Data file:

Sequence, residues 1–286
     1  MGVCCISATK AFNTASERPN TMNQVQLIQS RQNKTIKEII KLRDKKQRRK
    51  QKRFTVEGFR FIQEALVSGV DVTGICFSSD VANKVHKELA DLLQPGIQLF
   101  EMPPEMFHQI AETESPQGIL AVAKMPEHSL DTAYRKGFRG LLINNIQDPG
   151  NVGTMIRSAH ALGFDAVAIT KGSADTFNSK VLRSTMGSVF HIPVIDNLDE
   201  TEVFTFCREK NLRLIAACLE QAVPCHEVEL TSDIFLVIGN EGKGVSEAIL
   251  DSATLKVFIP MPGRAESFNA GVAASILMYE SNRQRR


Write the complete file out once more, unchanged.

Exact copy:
Sequence, residues 1–286
     1  MGVCCISATK AFNTASERPN TMNQVQLIQS RQNKTIKEII KLRDKKQRRK
    51  QKRFTVEGFR FIQEALVSGV DVTGICFSSD VANKVHKELA DLLQPGIQLF
   101  EMPPEMFHQI AETESPQGIL AVAKMPEHSL DTAYRKGFRG LLINNIQDPG
   151  NVGTMIRSAH ALGFDAVAIT KGSADTFNSK VLRSTMGSVF HIPVIDNLDE
   201  TEVFTFCREK NLRLIAACLE QAVPCHEVEL TSDIFLVIGN EGKGVSEAIL
   251  DSATLKVFIP MPGRAESFNA GVAASILMYE SNRQRR